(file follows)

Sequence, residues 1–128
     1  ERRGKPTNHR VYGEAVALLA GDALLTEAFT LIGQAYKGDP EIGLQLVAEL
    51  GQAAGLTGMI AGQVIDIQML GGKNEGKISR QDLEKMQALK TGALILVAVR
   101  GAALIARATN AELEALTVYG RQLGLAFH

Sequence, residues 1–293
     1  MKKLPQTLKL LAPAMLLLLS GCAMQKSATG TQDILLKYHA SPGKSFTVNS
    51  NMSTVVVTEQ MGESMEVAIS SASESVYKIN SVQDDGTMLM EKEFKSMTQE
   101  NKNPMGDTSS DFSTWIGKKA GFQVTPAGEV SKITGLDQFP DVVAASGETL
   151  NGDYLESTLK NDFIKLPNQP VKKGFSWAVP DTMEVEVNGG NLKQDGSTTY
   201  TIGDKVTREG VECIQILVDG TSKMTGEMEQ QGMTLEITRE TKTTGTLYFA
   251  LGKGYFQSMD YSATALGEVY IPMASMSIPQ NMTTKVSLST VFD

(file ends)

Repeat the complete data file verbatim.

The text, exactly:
Sequence, residues 1–128
     1  ERRGKPTNHR VYGEAVALLA GDALLTEAFT LIGQAYKGDP EIGLQLVAEL
    51  GQAAGLTGMI AGQVIDIQML GGKNEGKISR QDLEKMQALK TGALILVAVR
   101  GAALIARATN AELEALTVYG RQLGLAFH

Sequence, residues 1–293
     1  MKKLPQTLKL LAPAMLLLLS GCAMQKSATG TQDILLKYHA SPGKSFTVNS
    51  NMSTVVVTEQ MGESMEVAIS SASESVYKIN SVQDDGTMLM EKEFKSMTQE
   101  NKNPMGDTSS DFSTWIGKKA GFQVTPAGEV SKITGLDQFP DVVAASGETL
   151  NGDYLESTLK NDFIKLPNQP VKKGFSWAVP DTMEVEVNGG NLKQDGSTTY
   201  TIGDKVTREG VECIQILVDG TSKMTGEMEQ QGMTLEITRE TKTTGTLYFA
   251  LGKGYFQSMD YSATALGEVY IPMASMSIPQ NMTTKVSLST VFD